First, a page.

2. Sing out. Instead of yelling at your kids, say it with song. Try a silly operatic trill, or belt out a soulful blues number. “So-faaaaaaaaas! are for booooooooootaaaaaaaaays,” I will sing to my kids in my best R&B diva voice when I’ve asked too many times for the monkeys to stop jumping and I feel my yell coming on. Singing to them this way confuses them into stopping what they are doing (jumping on my couch like wild people), and it signals my brain that we’re not in a crisis situation that will only be solved if I commence screaming in 5-4-3… (My brain was raised by parents who screamed. Left to its own devices it would make some silly, misguided decisions sometimes.)

And if you’ve already started yelling and the day is looking grim, it’s time to call in the big guns:

3. Paging Captain Do-over! This is a code word my kids and I use when things have gotten out of hand, voices and words are unkind, and we need to get back to the present moment and remember that we actually like each other. “Captain Do-over!” we yell and almost immediately we stop grouching and fall into a hug. It takes a couple of seconds to feel that calm, safe, feeling of oxytocin flooding our system (mmmm, sweet bonding hormone we get from hugging and smelling kid heads)  and then we can start the process of repair. For the yelling mama, this is a great time to apologize and start over. I’ll say, “I’m sorry I spoke so rudely to you. I was feeling stressed out. What I meant to say was that sofas are for booties and I’d like you to sit quietly and read for a few minutes. Will you please do that? And then we can go outside and run around and get our energy out? Great! I love you. I’m sorry I yelled. You are so special to me.”

They will often start bouncing again, or doing some other annoying thing until we get dressed and out the door to get some sun and start our day. But at least we have all calmed down and I’ve taken responsibility for stopping the bad day before it gets too out of hand. When things are calm and the mood is good, I’m better able to deal with the little stresses: the whining kids, the non-responsive husband, the pile of dishes. They still annoy me but they don’t have to hijack my day– or my kids’.

Want more support dealing with the stress and isolation of motherhood? Get in touch, mama!

Kirsten Quint Fairbanks is health coach and holistic living expert who loves offering real-world holistic coaching for mamas who want to consciously cultivate big lives that get them totally fired up.  Kirsten lives happily, works gratefully, dances inexpertly, paints badly, cooks traditionally, and rocks a tiny homeschool in the San Francisco Bay Area.  She believes that connection can change your life.   Read more about her here.


It’s Not About Food

If you know me you know that I care about food. I care about food a lot. For years I have studied food, read about food, planned around food. I’ve avoided some foods and Vitamixed up large quantities of others. I have researched food, I have experimented with food. I have talked about food, talked about food. Talked. About. Food.

I have obsessed about food. I have worried about food. I have coached so many others who worried, obsessed, and talked about food.

Imagine my surprise to learn a while back that it’s not about food. Happiness, joy? Not about food.

All the time I was coaching my clients about healthy lifestyle and we’d focus so much on their eating habits. Eating habits are important. You probably have some foods that make you feel great and others that make you feel awful. But your lists and your calories and your X liters of water a day are not, I can almost guarantee you, the things that will make you happy. So for me to give advice about eating habits no longer interests me because at the end of the day I haven’t seen it make my clients happy. Can you believe that? Helping clients micromanage their diets and workout schedules and yes, even their dry brushing regimes was not what was making my clients happy.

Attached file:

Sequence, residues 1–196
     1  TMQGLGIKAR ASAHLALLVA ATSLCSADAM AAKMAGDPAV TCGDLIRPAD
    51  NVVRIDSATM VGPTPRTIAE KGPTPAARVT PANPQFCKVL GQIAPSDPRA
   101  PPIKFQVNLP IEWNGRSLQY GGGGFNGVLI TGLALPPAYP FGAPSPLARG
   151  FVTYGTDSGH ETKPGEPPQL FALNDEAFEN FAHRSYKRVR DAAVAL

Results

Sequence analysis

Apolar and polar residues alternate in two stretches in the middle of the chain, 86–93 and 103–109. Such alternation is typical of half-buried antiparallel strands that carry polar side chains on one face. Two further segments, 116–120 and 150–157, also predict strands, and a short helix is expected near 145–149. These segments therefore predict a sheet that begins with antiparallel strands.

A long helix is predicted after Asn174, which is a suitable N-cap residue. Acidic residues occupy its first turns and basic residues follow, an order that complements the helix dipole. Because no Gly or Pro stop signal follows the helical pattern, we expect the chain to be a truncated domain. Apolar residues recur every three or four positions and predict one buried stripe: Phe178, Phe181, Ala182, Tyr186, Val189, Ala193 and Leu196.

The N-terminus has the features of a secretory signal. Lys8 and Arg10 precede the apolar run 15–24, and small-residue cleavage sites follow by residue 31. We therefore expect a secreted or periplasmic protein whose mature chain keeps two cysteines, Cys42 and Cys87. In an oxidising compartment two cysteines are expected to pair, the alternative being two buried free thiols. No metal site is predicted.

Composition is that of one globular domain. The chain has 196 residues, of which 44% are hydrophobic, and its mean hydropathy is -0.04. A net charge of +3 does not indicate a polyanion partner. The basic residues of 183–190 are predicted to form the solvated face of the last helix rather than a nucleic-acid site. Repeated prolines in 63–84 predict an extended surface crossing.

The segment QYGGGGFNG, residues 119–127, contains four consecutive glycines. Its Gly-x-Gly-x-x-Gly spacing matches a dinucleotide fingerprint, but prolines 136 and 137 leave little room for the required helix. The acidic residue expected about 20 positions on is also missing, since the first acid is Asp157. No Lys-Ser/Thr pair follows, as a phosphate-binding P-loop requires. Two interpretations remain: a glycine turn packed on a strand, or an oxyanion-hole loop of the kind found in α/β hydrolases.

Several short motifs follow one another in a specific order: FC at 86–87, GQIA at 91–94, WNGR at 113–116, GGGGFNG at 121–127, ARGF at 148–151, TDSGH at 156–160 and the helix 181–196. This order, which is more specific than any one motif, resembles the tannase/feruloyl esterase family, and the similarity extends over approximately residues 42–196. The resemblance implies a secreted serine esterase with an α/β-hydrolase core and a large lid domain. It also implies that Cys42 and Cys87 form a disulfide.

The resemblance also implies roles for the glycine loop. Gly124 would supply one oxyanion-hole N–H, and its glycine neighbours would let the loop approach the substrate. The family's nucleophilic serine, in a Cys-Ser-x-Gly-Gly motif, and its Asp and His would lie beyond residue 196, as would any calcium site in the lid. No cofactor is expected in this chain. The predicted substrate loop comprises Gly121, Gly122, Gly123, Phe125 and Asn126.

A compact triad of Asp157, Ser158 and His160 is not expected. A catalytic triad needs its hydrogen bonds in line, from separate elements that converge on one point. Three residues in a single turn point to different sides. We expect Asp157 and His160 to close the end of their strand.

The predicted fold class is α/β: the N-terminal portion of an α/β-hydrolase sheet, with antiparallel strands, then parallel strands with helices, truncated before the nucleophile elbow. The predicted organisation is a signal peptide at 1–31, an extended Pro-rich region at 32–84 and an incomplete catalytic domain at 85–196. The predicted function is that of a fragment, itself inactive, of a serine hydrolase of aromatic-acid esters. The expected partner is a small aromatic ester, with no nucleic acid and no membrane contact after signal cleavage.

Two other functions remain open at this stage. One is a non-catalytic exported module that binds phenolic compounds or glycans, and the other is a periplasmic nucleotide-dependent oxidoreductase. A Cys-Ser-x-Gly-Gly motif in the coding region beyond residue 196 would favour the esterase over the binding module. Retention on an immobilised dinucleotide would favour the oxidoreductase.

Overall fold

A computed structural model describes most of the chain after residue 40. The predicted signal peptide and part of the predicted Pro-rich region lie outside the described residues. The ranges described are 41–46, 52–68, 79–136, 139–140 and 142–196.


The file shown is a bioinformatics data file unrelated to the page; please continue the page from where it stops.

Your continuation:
What makes my clients happy? Connection. Purpose. Novelty. A trusted listener. A group of like-minded travelers all heading in the same direction. (Happiness City: pop. You.)

Being a mom, particularly being a stay at home or work at home mom, can be stressful,  isolating. It can be lonely. Being a parent in general can be stressful. We have our priorities. We want creative, meaningful work. Happy children. Healthy family. Nurturing relationships. A sense of purpose, to change the world. So often we are our own last priority.

My commitment to my clients has always been to help them achieve their happiest, best lives . But here in this culture we can focus too much on some of the wrong tools. I have been part of the problem. I come from nutrition schools that have the audacity to claim that there is probably a right diet for everyone and it probably includes a lot of thinking and work and expensive ingredients that not everyone can get their hands on. How ridiculous is that?

Look, I don’t claim any more to know what you should eat. And from now on I don’t even want to try to guess.  I only know what makes me feel good. I know that Goji berries and green smoothies don’t make much of a difference in my joy, and that nothing has made me happier than enough sleep, a good cup of coffee, and a feeling that I am making a difference in the world, that I belong, and that people care about me. You can’t whip that up into a smoothie or weigh it or measure it in inches.

So I don’t coach clients anymore who want me to help them lose weight or gain weight or change their bodies. I work with moms who want to lose isolation, anger, shame, and loneliness. I work with moms who want to gain peace,  meaning, connection, and joy.

Because those things – not a  “bikini-ready” body or a clean diet, whatever that is – are the point of living. The point of living is to be happy. It’s really, truly not about food.